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  • John Diamond-Nigh

Three peonies and a funeral


I’ll get to art; but first some words on sorrow–its butterfly arabesques.


My mother’s recent funeral was all one could hope for in terms of beauty, tribute and restraint. She had lived a very long and colorful life. Funerals so often are tragic. This was poignant, lyrical, almost liturgical. Girded with flowers.


On either side of that hour, however, were two days of a nearly unending mosaic of conversations that for me touched closer the essence of memorial than either the speeches or the interment under the shady pines of Canada’s oldest and loveliest cemetery.


–with people I had not seen since childhood. Gentle overseers of my rumpled, dissident youth–long forgotten and suddenly there, smiling, asking if I remembered them, wondering who each of us, in the decades between, had become.


I’m Hannah . . . you knew my father.


Yes, I did. Long ago.


He made something for you.


Yes he did (genius machinist that he was), he made me a miraculous machine. A machine that aided in carving my bowls. His shop was like a wizard’s atelier.


You talk like your dad. Do you still have the machine he made?


I do. You know, he didn’t charge me a penny.


Why would he? You were just a kid. He in turn was grateful that a young person like you was interested enough in him and his work to come and ask.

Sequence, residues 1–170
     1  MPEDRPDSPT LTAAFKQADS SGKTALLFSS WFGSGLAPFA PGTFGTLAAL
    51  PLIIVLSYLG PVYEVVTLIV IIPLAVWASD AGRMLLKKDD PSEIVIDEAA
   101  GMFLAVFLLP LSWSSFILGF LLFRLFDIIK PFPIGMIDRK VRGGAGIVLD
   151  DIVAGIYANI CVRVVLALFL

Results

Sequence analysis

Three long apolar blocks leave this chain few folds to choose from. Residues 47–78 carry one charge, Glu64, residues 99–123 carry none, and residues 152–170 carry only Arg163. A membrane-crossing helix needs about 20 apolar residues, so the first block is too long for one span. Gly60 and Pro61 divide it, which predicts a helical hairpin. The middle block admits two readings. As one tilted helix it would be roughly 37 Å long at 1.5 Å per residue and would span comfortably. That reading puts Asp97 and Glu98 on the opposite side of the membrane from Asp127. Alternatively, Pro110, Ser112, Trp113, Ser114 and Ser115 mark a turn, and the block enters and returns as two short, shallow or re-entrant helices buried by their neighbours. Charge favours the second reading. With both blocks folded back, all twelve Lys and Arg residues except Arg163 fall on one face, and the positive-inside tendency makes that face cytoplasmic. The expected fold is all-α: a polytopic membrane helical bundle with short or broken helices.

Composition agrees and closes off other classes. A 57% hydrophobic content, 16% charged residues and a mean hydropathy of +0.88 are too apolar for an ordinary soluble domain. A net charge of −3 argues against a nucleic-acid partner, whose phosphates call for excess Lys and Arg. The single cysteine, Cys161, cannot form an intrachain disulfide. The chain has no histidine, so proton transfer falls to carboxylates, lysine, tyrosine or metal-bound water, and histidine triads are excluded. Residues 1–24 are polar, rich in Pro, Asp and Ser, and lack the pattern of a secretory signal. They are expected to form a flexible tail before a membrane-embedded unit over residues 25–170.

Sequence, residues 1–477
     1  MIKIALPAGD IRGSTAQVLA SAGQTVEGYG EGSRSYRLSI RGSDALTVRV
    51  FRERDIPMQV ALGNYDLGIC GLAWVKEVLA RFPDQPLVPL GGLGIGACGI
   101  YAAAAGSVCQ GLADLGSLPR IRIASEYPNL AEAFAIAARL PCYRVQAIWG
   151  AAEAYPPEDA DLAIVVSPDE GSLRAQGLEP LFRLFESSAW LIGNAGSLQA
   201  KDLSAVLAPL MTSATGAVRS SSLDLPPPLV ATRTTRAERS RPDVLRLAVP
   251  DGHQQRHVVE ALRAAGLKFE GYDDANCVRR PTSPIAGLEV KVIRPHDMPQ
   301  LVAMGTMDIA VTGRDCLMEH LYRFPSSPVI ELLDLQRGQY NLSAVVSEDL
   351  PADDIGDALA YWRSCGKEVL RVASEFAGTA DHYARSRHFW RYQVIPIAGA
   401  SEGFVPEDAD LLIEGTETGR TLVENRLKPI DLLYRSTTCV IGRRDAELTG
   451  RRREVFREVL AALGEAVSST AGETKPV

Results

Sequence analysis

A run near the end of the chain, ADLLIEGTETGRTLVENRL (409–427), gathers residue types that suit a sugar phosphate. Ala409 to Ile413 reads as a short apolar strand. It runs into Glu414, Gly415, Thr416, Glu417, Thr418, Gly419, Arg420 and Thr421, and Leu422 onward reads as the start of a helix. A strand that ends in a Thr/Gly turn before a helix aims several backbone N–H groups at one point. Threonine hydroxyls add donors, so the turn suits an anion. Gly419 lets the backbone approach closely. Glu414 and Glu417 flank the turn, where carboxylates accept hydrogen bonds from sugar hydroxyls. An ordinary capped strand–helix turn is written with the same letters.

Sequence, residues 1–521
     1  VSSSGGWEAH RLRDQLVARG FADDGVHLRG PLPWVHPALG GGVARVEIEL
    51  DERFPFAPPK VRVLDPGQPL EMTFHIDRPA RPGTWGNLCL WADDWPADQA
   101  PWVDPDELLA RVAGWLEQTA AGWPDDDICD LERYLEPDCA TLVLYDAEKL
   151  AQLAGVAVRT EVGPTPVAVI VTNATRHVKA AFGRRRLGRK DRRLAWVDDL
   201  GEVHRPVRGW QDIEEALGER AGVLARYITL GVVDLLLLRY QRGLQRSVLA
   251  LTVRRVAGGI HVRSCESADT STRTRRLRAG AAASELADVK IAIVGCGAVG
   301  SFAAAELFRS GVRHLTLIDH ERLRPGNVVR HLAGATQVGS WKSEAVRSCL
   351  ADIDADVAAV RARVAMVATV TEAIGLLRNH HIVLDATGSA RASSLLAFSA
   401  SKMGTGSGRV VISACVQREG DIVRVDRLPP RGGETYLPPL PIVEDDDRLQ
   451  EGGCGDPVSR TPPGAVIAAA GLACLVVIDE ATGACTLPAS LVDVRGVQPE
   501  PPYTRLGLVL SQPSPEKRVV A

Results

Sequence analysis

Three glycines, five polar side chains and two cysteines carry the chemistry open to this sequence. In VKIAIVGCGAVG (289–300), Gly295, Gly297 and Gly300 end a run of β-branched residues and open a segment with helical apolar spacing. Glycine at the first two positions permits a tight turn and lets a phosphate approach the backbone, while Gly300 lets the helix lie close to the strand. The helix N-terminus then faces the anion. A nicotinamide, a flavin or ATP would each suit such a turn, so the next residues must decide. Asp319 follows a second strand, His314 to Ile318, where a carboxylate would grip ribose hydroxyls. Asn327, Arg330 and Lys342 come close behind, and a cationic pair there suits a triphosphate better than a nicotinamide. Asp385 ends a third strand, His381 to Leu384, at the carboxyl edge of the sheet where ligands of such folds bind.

Are you kidding? On top of that, all the stories he told about escaping from Russia during the Revolution. Those were even better than the magical machine.


Well, not after the hundredth telling–we laugh.


When Lynne and I returned home, we just sat in the darkness, listening to Edith Piaf, feeling how sadness and liberation can blend, and talking about how big things, elephant-big, can appear, all of a sudden, asking to be re-imagined, re-felt, re-futured.


My mother loved flowers with the exactitude of a 17th century Dutch painter. She loved, I think, their stillness most of all. When I finally discovered art, it seemed like a facsimile of peonies and daisies.


On the morning of her funeral, I made up this poem to read, and here it is. (The black cat was an adorable scowl-faced, street-fighting, field-fighting stray who adopted my pacifist mother.) She also, you may infer, loved hummingbirds, all birds.


The clouds in the birdbath will now understand

how what was contingent has quivered to still.

Go high on that mountain and rest for a while,

go high on that mountain and there you may find

a small black cat and a luminous man–

say hello for me. Death is a gift

a porcelain bowl with flowers you cut

a perfume of hummingbirds; there where you are

say hello . . . for me

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